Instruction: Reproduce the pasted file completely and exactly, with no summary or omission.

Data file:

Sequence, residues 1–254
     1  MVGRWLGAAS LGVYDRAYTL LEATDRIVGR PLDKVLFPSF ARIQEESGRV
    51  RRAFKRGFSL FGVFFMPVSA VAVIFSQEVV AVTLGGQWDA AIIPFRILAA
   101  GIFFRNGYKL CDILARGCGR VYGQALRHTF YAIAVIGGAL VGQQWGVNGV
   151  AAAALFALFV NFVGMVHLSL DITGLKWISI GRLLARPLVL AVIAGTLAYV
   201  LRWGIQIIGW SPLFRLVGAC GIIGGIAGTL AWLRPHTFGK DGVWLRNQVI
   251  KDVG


Sequence, residues 1–254
     1  MVGRWLGAAS LGVYDRAYTL LEATDRIVGR PLDKVLFPSF ARIQEESGRV
    51  RRAFKRGFSL FGVFFMPVSA VAVIFSQEVV AVTLGGQWDA AIIPFRILAA
   101  GIFFRNGYKL CDILARGCGR VYGQALRHTF YAIAVIGGAL VGQQWGVNGV
   151  AAAALFALFV NFVGMVHLSL DITGLKWISI GRLLARPLVL AVIAGTLAYV
   201  LRWGIQIIGW SPLFRLVGAC GIIGGIAGTL AWLRPHTFGK DGVWLRNQVI
   251  KDVG